Your design process involves a curation or pruning of itself. How has your design process changed throughout time?

I’d like to think that we are always learning continuously, where there is actually no end destination. So I’d like our design process to keep on improving.

We have a final debrief process with our clients, so we can look back and see what we could have done better for the project. I use this feedback to keep improving our process.

Beside this, we are also trying to weave in more mindfulness elements into the process. Our latest development is that we have created some Mindfulness Postcards with a mindfulness coach Benjamin and a mindfulness photographer Thomas. We highlighted challenging moments in our process, put together calming photography and encouraging words and quotes. I hand these postcards to my clients ahead of the challenging time, in the hope that they will bring my clients support and encouragement.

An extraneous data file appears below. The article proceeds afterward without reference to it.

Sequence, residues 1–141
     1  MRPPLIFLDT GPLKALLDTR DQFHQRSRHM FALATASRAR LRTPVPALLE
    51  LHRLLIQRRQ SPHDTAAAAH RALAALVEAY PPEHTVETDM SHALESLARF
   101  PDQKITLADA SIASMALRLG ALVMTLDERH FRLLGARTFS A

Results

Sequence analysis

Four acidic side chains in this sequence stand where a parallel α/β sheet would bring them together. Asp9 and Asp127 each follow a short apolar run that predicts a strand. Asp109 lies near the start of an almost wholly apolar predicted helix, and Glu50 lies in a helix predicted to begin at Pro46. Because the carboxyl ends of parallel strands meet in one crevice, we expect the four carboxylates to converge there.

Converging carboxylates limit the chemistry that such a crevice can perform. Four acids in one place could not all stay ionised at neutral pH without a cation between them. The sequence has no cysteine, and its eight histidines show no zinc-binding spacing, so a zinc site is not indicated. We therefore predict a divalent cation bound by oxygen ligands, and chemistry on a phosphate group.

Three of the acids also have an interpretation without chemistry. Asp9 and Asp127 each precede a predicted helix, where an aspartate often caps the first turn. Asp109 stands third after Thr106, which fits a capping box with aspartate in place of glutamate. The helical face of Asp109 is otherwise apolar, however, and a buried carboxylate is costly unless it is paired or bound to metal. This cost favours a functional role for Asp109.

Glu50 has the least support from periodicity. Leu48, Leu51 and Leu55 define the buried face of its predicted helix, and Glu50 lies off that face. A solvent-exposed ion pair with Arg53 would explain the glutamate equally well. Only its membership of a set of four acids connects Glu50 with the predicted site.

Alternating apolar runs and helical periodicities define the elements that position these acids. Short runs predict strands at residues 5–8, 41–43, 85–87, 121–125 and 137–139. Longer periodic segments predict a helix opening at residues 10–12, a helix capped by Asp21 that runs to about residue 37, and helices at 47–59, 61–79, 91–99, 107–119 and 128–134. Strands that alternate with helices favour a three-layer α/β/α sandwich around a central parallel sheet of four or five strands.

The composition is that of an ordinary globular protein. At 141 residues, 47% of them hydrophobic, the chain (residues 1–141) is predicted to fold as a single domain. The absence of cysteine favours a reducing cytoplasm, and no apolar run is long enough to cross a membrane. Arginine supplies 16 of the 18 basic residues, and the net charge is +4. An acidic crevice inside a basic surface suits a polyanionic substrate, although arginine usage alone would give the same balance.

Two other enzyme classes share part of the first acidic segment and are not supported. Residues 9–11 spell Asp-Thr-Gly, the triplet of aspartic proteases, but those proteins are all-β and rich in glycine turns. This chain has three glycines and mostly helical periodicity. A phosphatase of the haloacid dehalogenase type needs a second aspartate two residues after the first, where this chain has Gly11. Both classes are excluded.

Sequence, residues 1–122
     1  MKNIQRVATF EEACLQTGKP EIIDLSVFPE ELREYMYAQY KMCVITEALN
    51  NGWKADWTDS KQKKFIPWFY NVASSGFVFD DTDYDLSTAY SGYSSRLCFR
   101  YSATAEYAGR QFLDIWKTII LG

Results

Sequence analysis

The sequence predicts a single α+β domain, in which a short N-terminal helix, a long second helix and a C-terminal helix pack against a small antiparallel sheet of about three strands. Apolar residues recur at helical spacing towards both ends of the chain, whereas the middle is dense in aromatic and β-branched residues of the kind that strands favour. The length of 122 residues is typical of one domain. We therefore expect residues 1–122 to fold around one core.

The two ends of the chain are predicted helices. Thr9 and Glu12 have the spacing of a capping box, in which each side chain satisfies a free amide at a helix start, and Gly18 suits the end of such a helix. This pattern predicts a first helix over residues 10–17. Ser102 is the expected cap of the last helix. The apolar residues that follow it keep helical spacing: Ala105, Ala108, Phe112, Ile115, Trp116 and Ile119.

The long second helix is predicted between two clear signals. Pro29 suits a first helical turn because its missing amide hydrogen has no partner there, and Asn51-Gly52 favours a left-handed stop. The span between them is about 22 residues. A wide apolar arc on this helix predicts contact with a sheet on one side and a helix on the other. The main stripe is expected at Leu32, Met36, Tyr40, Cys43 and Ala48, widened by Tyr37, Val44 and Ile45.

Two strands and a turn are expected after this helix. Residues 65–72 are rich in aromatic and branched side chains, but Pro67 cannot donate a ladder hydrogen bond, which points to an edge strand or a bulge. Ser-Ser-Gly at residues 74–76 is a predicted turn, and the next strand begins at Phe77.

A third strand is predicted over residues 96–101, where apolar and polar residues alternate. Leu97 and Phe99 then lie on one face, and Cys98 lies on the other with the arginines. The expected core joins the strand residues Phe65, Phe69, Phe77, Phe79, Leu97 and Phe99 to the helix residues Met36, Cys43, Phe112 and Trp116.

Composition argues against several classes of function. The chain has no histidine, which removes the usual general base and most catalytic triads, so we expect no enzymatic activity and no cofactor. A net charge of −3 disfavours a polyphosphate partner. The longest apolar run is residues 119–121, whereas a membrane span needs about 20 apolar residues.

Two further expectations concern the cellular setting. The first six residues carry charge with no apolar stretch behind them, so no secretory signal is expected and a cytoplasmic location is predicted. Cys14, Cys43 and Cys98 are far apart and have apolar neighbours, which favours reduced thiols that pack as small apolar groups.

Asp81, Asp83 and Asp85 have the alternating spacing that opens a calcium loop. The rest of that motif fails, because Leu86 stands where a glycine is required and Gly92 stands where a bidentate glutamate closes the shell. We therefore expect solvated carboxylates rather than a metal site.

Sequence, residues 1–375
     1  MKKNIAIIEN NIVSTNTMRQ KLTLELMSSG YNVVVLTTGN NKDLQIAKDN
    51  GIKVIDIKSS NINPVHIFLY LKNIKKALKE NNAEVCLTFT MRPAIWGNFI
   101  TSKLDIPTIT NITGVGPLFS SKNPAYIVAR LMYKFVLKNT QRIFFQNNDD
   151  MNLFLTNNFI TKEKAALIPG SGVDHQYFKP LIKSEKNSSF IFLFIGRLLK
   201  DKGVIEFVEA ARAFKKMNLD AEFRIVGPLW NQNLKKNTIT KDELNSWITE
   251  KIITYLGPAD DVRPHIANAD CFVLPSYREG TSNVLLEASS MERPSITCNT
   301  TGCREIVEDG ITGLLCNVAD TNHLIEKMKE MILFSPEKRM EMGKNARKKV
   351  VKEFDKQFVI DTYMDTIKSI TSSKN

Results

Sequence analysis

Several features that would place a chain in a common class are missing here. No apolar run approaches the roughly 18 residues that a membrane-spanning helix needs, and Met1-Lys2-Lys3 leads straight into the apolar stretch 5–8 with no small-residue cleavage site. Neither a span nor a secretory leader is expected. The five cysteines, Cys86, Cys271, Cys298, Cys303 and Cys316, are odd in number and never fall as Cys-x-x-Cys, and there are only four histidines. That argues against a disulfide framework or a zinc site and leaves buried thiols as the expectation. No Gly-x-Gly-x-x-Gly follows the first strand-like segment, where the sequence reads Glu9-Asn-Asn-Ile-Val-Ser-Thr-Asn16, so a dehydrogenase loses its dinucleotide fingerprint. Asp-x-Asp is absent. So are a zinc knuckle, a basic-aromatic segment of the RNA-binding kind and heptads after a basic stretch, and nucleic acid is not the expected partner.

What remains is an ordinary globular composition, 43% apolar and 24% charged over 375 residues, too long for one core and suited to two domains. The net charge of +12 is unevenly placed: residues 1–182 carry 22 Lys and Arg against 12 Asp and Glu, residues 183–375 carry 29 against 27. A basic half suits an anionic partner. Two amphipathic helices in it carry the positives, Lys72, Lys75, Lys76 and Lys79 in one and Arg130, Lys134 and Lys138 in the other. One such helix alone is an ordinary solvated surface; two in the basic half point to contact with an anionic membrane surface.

calm interior design

How do you incorporate principles from Eastern philosophies and practices into your designs?

I’d say that Eastern philosophy is influencing the way I design, which ultimately and indirectly influences the result of my design.

I’m currently studying “Dao Te Jing” by “Laozi”. He speaks a lot about possession, in a way that the way to keep the control is not to control. This is very much like design, we can’t force it. Good design only comes when we are in a relaxed state of mind.

calm interior design

Designers, in their conversations with clients and their branding, tend to emphasise their outcomes rather than their processes. You do the opposite! Why do you believe that the journey to a design is important and worth talking about?